What is route redistribution and how does it work?

Most of us certainly use a single routing protocol in a network, but there are certain conditions under which we need to use multiple routing protocols. These conditions include multiple administrators running multiple protocols, mergers, or using devices with multiple vendors. This process is called redistribution. For more details, read the meaning of the next redistribution route.

Redistribution of the Pengertian route

Routing redistribution is a process that allows a network to use routing protocols to dynamically drive traffic based on information learned from different routing protocols, thus helping to improve the accessibility of network traffic.

Without redistributing routes, routers or virtual routers advertise and share routes only with other routers running the same routing protocol. Routing is usually only required on larger networks. But even a small network of offices can grow into a large segment that requires redistribution of the route.

What is routing?

Routing is more than sending packets from one network location to another. The routing process also includes learning the routers and determining the most efficient way to handle network traffic.

Routers are configured in a number of ways that allow them to learn routes. The simplest method is to manually configure static routes. Static routes tell routes exactly where to send packets. For example, a static route tells router 1 to route packets to router 2, and then router 2 is manually configured to send packets to router 3.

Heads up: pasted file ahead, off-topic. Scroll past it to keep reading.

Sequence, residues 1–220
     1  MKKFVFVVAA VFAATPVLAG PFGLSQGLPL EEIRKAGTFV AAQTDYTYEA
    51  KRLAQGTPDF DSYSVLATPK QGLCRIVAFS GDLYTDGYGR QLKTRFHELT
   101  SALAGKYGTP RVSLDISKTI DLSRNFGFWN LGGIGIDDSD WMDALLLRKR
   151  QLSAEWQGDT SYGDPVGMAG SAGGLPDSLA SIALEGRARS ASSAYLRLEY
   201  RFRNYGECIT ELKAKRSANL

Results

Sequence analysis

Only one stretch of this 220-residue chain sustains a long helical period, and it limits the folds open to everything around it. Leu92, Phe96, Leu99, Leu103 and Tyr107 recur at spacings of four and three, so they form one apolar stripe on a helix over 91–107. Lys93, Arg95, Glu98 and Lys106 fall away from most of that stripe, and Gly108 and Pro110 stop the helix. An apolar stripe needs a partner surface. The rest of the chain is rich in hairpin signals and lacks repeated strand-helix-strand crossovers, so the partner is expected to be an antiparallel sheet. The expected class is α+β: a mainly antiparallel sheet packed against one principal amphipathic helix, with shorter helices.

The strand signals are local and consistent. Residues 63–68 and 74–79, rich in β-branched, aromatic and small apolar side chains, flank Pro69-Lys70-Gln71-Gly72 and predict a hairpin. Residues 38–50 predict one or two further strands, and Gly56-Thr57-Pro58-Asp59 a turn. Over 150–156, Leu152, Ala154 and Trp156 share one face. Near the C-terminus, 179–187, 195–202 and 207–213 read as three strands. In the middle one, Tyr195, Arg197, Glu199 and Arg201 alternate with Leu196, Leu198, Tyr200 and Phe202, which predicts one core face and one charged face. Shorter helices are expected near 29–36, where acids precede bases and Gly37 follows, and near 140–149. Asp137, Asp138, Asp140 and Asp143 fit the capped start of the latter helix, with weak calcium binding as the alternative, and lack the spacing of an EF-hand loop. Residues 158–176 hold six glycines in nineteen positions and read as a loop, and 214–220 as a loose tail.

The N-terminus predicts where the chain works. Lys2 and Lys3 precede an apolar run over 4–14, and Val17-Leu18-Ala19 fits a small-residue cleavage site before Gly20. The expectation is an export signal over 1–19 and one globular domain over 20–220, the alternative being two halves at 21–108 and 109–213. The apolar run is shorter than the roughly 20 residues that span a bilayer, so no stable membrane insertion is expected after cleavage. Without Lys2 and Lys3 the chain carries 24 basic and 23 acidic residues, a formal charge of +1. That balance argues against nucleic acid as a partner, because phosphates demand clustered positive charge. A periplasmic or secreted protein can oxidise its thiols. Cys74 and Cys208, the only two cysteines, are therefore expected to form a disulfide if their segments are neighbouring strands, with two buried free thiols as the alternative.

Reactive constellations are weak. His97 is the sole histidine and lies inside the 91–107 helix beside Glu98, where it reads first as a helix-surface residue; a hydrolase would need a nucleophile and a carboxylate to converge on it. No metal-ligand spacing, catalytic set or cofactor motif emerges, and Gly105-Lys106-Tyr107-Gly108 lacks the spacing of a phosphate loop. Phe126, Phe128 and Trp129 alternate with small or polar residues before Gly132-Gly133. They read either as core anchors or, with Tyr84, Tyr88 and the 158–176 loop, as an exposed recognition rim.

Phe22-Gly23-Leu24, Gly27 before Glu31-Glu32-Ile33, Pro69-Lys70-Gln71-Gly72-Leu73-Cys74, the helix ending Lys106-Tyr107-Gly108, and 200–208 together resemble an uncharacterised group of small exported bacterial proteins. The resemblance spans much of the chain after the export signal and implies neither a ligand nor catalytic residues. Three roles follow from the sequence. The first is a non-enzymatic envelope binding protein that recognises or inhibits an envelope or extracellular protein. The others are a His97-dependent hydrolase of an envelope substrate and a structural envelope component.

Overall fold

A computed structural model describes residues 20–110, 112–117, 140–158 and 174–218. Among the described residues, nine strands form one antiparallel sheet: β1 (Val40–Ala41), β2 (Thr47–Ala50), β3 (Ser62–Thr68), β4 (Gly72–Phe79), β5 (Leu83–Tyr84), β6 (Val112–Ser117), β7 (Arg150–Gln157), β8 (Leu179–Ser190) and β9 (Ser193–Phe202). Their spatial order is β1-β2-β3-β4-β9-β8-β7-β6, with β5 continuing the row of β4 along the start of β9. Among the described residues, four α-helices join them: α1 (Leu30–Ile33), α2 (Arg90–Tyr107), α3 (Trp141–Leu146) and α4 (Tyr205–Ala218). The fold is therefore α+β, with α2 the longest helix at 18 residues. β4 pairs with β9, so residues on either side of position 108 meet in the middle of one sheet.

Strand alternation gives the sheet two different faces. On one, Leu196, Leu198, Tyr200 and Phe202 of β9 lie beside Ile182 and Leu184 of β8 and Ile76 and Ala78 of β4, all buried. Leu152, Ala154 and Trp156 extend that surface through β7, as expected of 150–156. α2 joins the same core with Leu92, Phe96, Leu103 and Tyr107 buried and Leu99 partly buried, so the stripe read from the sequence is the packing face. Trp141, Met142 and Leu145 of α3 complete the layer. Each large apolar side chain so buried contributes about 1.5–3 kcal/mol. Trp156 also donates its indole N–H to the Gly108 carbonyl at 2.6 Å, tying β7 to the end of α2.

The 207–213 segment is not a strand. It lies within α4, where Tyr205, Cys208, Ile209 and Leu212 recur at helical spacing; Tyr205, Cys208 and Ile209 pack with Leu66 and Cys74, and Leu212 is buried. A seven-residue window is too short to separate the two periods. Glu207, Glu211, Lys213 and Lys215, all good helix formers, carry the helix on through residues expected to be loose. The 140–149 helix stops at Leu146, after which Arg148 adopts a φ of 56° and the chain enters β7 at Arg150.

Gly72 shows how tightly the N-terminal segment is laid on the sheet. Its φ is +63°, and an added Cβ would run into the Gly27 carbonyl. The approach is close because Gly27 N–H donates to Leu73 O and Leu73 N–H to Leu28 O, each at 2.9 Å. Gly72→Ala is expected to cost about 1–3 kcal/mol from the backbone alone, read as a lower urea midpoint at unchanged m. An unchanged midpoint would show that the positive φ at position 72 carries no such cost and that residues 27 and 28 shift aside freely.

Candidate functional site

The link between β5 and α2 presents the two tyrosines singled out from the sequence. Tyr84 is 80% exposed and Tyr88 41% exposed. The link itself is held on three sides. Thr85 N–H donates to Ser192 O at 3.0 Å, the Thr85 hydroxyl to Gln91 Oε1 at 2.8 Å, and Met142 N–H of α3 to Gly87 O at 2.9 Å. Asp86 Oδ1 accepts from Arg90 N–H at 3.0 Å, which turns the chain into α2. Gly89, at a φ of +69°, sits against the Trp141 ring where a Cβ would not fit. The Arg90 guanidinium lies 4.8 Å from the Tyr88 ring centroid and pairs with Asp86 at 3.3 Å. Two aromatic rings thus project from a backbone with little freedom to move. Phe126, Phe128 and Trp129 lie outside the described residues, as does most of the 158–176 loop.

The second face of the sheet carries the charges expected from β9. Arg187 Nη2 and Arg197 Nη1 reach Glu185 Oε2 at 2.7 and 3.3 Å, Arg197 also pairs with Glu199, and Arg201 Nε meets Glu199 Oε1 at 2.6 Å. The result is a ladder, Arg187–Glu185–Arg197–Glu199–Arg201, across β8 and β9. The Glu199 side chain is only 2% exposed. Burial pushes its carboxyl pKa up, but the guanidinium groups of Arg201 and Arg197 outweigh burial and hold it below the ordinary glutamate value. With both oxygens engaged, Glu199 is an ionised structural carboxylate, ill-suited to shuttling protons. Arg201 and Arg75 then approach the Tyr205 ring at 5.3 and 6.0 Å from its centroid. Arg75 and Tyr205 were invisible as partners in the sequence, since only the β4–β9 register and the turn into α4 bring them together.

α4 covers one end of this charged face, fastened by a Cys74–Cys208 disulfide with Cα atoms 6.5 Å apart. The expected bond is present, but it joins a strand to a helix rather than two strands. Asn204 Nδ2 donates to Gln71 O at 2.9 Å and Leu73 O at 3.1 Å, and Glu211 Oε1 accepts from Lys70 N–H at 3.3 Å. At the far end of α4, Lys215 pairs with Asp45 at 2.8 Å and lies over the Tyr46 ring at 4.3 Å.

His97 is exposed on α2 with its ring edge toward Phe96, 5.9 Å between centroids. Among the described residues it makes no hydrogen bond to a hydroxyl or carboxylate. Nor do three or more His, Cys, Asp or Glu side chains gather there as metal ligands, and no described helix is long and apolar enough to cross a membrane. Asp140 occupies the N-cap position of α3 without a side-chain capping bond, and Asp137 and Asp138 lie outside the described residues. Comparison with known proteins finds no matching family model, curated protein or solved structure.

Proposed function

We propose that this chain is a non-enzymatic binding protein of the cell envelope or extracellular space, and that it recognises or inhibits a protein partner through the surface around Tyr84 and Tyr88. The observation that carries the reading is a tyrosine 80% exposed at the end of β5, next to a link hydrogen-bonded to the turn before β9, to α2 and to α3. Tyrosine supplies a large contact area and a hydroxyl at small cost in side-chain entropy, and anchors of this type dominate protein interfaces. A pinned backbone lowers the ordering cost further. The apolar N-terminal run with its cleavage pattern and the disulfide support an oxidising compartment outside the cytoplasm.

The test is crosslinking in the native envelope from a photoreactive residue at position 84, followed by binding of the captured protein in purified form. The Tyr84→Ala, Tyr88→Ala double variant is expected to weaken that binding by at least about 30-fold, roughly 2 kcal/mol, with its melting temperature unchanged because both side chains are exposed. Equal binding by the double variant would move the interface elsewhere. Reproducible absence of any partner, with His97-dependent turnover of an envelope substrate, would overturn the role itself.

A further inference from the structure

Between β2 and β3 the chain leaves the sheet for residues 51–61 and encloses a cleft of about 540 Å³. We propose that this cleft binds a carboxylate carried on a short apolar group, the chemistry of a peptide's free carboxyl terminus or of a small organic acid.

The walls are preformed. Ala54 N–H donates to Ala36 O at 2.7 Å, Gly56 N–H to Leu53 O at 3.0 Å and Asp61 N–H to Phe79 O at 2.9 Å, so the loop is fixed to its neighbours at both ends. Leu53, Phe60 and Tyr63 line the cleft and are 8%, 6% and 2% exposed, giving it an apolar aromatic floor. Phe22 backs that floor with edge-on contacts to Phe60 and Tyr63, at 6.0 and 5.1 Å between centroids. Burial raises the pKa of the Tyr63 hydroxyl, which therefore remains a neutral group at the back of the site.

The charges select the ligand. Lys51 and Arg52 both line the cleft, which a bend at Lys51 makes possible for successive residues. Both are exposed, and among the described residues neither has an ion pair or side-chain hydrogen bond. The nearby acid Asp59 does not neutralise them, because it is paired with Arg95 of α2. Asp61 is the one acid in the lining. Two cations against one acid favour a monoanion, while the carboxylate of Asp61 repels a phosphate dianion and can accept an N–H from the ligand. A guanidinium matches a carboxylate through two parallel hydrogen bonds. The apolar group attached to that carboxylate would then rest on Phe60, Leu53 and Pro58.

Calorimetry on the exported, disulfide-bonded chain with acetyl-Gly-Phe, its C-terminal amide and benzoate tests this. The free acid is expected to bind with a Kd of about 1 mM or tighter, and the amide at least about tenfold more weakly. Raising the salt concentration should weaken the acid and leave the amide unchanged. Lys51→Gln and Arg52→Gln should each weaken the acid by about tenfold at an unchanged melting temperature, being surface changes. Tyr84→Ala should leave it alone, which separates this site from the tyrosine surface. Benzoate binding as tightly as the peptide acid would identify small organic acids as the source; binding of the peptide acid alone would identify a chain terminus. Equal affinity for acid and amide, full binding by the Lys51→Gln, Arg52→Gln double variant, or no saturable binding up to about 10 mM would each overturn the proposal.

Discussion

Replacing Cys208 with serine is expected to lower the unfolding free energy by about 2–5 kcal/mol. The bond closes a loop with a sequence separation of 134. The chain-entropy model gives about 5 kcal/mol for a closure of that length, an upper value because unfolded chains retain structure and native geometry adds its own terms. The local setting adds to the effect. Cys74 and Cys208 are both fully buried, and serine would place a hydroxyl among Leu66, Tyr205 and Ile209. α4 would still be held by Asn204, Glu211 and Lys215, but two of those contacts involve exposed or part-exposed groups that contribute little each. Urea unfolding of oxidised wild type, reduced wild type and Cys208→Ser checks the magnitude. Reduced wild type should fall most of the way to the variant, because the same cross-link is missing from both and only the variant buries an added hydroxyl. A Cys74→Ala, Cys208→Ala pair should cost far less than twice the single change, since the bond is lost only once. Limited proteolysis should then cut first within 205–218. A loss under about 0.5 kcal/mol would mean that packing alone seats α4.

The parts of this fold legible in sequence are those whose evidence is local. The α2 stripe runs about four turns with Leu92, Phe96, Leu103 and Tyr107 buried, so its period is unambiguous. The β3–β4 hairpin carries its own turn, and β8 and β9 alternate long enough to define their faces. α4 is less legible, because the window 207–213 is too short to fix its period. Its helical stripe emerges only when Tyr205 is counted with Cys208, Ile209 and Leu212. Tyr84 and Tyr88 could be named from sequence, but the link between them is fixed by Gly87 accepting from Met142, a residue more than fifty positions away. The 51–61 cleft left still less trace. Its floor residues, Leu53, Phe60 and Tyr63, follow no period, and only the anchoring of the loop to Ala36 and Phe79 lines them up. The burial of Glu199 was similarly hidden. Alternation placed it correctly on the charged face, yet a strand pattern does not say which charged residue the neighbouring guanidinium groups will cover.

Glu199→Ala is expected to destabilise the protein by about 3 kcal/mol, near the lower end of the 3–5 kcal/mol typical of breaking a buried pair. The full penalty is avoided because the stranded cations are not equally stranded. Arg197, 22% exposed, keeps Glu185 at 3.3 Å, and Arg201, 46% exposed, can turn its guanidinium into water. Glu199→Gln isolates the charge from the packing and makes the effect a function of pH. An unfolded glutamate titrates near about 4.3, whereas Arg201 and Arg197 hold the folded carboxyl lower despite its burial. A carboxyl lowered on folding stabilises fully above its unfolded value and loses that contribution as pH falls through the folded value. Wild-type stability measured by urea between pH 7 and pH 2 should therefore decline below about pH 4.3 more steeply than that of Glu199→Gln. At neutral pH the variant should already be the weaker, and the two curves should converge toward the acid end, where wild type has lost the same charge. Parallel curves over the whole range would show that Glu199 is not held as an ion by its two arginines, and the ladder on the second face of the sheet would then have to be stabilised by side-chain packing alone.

But the problem with using static routes is that many routes change their configuration, and patches from one router to another often change as the network grows. You can have thousands of different routes, and if something changes, you may be allowed to manually configure multiple routers. This can be a time consuming process, especially when it comes to larger networks.

Read also: Understanding static and dynamic routing

How routing protocols work

A better option is to allow the router to share the configuration with other routers. This allows them to dynamically learn the right path for their packages. For example, if Router 1 is connected to Router 2 and Router 4, it will share its path with both. If something changes for Router 1 in terms of infrastructure, Router 2 and Router 4 will be updated automatically, instead of relying on manual configuration.

Multiple protocols handle router sharing. The most common are OSPF (Open Shortest Path First), which is the general standard. However, some vendors such as Cisco have their own protocols, such as Enhanced Interior Gateway Routing Protocol (EIGRP).

You can combine any routing protocol, so it’s important to understand how route redistribution works. You should be able to determine when and how the newly connected network requires a new line.

Read also: Understand routing tables and routing protocols

How route redistribution works

By default, routers only advertise and share routes with other routers running the same protocol. For example, here we want to have many routers and each router has a different type of routing, for example Router1 uses OSPF and Router2 uses EIGRP and we want each route to be connected, to know the routes of the other and also to be able to exchange data, then we use this redistribution feature. Using this redistribution configuration means that each routing type will take routes from other routing types and distribute them to other protocols.


So simply redistributing the route is used to connect different types of routing. The type of routing that can be redistributed can be in the form of static routing or dynamic routing.

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